The Lady in the Valley
Aksel Vinding is trying to find his way back to life after the death of Marianne Skoog. He is tormented by guilt, and doesn’t know which way to go forward as a pianist. The meeting with Marianne’s sister Sigrun awakens old memories in him. Sigrun is a district doctor in a small town all the way up north, close to the border with Russia, and is married to a teacher. Aksel flees from everything that binds him to Oslo and travels north, hoping to gain a new foothold in his life. But Sigrun’s presence make Marianne and her daughter Anja come alive again. THE LADY IN THE VALLEY is a novel of loss, longing and atonement.
“With his novel The Lady in the Valley Ketil Bjørnstad concludes his impressive trilogy about Aksel Vinding, a young pianist from Oslo. … Ketil Bjørnstad, himself a pianist and writer born in Oslo in 1952, tells the story of an artist’s odyssey. A painful inner journey marked by the limits of love, death and the presumed impossible force needed to make a fresh start. The story is told over more than eleven hundred pages in sentences and images of great poetry and, sometimes, of icy beauty.”
(Frankfurter Allegemeine Zeitung)
“Kjetil Bjørnstad has written an exciting, vivid and entertaining last instalment in the Aksel Vinding series … The great positive take-away is the attempt to portray life, love and both the narrator’s and the other characters’ relationship to themselves through music … It’s a courageous, interesting and largely successful experiment.”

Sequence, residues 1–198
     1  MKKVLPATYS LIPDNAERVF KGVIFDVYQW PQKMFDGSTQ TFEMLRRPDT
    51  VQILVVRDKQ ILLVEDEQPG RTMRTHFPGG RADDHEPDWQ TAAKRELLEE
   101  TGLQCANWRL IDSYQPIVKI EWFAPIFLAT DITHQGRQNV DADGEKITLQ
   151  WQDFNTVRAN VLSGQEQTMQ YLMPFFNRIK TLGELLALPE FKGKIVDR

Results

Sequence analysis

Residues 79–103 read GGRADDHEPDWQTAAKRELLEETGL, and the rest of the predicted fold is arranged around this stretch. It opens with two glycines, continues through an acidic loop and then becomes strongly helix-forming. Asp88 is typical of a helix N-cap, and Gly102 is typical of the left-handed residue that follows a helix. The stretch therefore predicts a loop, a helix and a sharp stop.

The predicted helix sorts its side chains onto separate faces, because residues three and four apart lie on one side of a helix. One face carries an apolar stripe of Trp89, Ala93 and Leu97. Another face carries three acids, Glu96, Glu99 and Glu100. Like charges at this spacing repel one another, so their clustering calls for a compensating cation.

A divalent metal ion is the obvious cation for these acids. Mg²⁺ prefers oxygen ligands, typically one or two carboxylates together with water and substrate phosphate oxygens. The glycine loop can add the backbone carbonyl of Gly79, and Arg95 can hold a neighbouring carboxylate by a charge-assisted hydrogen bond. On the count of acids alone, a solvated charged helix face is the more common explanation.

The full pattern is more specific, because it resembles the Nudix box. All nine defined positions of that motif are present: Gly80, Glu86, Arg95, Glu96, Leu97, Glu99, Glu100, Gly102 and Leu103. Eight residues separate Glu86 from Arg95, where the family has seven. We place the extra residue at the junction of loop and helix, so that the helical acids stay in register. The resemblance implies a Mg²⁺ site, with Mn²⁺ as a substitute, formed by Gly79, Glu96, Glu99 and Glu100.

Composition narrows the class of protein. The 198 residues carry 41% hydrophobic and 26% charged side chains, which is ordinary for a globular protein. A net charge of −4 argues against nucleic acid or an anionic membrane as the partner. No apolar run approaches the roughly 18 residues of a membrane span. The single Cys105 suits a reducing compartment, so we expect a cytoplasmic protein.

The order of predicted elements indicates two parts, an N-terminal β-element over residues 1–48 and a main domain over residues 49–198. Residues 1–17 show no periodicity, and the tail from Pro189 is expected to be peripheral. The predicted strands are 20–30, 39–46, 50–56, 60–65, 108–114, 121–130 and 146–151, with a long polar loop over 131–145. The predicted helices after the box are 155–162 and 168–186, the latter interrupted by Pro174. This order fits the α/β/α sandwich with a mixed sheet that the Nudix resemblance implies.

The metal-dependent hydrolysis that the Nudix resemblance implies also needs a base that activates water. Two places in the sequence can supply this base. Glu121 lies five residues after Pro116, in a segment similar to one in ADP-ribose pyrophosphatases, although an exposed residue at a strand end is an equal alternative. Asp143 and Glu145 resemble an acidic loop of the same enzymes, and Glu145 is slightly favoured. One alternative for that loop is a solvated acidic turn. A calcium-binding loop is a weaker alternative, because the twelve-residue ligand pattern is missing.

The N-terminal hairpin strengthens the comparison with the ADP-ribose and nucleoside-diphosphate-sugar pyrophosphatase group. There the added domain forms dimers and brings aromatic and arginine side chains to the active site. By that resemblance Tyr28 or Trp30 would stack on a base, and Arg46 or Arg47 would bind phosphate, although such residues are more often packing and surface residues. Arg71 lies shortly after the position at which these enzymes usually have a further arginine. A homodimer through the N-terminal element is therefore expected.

“Bjørnstad writes about music with a captivating insight few other writers can match … highly readable”
“Thrilling Bjørnstad at his best … Bjørnstad is an experienced, skilled writer who knows how to introduce his characters and put them into circulation in intricate stories, full of twists and turns … [The Lady in the Valley] can be read independently of the two previous books. I did. It’s not without blemish, but it is the most wonderful book of the ten or so I have read by him.”
THE LADY IN THE VALLEY is the final volume in the Aksel Vinding trilogy. It follows To Music which won the French Prix des Lecteurs 2008, and The River.